Keeping the Young Professional

Posted on November 25, 2014



By: Ashley Dill

The idea of the “young professional” has been an increasingly hot topic in major American cities over the past decade. Cities have been fighting to attract groups of both talented and young college-graduates in order to create not only a larger city population, but to help create a places that people want to live in, both young and old.

This trend spurs from college-graduates not being interested in getting married and starting families right away. There is a new mindset in which college graduates are not only looking for a steady job and income, but they are also searching for an interesting, fun, and vibrant place to live. This environment allows them to make new friends, earn a sufficient amount of money, and participate in social activities until their mid-thirties, a time when they can settle down and “real life” will start.

This new mindset changes the natural progression of life because it creates a new time period in the lives of Americans. This pattern of living fits in right after education and just before starting a family, a time when self-discovery, moving around, and job changes before settling down are promoted habits and lifestyles.

One of the wonderful things about young professionals is that when they make money, they like to spend it. Such individuals are not necessarily focused on saving up for their kids’ college tuition; instead, they are feeding revenue directly back into the cities that they live in, spending money in both big and small businesses. They are renting houses, buying cars, going out at night to meet people like themselves, and having fun.

Cities like Nashville, Portland, New Orleans, Pittsburgh, Salt Lake City, and Denver have all seen at least one percent of growth in the young professional population since the year 2000. These cities all have reputations of promoting growth and have fun environments. It is interesting to note how many of these places have professional sports teams, live entertainment venues, and bar scenes because these factors show just how important it is for cities to have more than just the necessities in order to function successfully.

While cities such as these are doing very well in attracting the young professional, many cities are still struggling to find their place on the map of growth in this particular area. Memphis in particular finds itself neither growing nor declining in this sector of the population since the year 2000, keeping its percentage of adults who are 25-34 years old and holding a four-year degree at 3.6%. Compared to cities like Denver, Boston, and Austin, who all hold their percentage at 7% or higher, the city of Memphis has its work cut out for it.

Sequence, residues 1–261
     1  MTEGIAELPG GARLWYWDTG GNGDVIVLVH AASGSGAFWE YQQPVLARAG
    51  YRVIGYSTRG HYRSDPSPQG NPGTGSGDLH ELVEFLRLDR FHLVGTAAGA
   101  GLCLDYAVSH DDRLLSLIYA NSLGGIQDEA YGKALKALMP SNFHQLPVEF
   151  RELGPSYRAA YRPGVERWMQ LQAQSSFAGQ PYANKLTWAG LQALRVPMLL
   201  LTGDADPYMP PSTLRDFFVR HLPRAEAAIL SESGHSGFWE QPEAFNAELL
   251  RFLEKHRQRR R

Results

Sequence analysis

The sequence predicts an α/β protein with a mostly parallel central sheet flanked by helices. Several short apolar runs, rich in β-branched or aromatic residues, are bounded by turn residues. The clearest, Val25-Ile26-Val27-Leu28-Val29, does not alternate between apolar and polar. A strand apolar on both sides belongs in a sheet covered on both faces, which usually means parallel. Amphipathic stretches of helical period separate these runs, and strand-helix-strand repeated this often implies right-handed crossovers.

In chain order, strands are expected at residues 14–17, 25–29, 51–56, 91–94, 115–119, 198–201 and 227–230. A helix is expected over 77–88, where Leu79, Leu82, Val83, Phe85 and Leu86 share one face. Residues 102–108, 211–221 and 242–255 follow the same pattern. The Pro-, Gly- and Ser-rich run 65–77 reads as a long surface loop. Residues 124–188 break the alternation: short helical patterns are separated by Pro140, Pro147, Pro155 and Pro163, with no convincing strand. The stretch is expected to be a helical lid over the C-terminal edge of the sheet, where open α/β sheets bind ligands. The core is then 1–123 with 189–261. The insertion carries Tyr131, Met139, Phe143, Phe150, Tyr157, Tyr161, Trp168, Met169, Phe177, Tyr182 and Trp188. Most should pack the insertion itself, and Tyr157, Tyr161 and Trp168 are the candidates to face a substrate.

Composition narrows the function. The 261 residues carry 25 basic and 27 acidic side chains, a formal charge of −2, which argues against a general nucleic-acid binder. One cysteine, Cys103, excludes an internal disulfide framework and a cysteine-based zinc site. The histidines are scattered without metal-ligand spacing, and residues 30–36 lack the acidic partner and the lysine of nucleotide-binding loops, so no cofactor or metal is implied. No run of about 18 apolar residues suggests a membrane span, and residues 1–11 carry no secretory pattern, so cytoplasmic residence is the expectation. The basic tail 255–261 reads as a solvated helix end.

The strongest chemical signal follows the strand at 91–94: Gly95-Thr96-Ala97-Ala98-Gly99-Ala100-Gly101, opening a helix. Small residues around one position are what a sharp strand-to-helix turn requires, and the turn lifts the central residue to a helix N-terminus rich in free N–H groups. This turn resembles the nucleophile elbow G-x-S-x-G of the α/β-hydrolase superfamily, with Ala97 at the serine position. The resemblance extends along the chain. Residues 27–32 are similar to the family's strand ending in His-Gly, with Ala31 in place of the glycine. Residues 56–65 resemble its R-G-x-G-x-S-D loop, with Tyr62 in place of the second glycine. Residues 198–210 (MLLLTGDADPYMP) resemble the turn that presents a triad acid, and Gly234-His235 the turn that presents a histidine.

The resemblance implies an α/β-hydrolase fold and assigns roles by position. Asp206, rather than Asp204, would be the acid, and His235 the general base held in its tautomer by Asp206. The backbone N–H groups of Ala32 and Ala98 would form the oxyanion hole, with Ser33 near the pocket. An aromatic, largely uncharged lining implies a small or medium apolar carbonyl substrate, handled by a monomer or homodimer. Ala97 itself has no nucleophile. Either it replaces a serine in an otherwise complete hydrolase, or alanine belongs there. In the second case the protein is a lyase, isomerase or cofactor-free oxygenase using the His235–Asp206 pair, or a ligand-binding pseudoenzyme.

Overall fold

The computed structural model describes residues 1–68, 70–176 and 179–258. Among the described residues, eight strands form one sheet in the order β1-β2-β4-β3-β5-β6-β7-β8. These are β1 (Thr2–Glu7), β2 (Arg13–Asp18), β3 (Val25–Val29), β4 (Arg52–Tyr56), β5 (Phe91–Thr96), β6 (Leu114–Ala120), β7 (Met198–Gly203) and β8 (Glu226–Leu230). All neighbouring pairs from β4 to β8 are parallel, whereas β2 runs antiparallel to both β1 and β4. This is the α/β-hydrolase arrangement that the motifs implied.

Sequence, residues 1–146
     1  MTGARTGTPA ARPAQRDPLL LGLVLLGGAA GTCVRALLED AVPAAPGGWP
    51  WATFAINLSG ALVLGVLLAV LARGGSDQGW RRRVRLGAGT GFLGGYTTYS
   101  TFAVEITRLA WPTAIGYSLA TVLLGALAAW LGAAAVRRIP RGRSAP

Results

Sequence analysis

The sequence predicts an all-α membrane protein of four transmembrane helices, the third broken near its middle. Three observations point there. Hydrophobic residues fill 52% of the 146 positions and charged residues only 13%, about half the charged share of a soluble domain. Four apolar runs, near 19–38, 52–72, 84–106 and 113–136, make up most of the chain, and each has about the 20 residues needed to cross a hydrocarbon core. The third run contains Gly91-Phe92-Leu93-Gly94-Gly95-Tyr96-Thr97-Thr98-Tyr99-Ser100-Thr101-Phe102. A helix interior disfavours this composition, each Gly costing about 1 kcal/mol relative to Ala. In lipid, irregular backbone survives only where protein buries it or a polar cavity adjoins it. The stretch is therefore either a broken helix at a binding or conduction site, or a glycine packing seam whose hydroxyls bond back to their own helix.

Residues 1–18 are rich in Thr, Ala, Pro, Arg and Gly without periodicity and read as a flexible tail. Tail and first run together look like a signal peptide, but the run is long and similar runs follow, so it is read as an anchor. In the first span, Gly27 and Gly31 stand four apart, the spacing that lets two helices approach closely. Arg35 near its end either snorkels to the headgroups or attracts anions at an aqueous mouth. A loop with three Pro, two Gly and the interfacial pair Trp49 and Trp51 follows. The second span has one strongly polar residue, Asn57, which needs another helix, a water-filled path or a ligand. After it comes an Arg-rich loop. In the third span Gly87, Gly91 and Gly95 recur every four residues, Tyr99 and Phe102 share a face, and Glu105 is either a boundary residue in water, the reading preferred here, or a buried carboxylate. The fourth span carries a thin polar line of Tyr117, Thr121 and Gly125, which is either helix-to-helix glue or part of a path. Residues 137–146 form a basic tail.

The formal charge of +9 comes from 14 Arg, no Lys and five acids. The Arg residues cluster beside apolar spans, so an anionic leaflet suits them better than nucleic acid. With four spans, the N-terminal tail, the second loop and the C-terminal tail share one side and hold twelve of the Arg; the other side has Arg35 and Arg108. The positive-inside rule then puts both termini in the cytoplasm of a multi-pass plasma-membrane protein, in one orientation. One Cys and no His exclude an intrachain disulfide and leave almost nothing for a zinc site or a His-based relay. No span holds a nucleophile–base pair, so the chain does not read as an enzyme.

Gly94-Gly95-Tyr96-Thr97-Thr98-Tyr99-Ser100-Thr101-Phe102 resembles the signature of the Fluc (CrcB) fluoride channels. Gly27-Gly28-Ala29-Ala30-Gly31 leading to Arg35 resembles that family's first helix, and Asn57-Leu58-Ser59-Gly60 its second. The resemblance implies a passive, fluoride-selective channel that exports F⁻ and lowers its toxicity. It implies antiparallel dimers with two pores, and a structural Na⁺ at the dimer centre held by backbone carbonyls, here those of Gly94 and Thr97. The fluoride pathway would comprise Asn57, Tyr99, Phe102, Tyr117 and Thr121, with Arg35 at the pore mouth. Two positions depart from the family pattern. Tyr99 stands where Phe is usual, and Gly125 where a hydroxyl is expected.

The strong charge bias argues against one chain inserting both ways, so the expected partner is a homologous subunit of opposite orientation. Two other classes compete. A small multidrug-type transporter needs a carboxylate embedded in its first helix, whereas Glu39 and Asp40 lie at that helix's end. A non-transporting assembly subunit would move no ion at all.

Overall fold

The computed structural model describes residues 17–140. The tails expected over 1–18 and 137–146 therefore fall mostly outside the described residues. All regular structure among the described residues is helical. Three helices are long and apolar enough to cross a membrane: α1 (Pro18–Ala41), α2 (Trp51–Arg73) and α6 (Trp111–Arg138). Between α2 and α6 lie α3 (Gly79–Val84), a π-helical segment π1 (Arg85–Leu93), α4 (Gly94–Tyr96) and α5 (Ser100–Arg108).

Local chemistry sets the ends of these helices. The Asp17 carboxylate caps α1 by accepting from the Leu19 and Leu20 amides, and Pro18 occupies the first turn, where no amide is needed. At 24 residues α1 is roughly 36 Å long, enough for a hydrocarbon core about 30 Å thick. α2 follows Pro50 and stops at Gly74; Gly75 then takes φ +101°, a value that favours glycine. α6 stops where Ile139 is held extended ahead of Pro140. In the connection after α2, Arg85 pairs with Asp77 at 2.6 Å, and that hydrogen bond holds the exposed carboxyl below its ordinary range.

This attraction of a younger population starts in the heart of higher education. With schools like Rhodes College, the University of Memphis, and Christian Brothers University, there is a huge population of students living in Memphis throughout their college years. However, the most important thing about these students is where they choose to go after they graduate.

President Troutt of Rhodes College recently stated in an interview with WKNO that he believes Rhodes College is a “ genuine talent magnet” for Memphis and that despite the percentages of young professionals in Memphis, 42% of the class of 2013 at Rhodes decided to stay in Memphis post-graduation. He also believe that students’ involvement in undergraduate research at St. Jude, service in Memphis, and attaining internships during college “…leads to students who fall in love with the city and want to stay there and we think that’s a really important contribution for the city.” He continues by saying how deeply important it is to get students in these colleges involved around the city because once they make connections during their undergraduate years, they’re much more likely to stay once they have graduated.

Memphis has what it takes to be a young, talented, and interesting city that not only draws in post-graduates, but draws those from other cities in as well. With its rich history, live music, and professional sports, Memphis itself is an essential American city. What Memphis really needs to do, however, is to take a hint from other successful cities while keeping its character in order to create long-lasting relationships with its temporary residents in order to make them permanent and everlasting ones.

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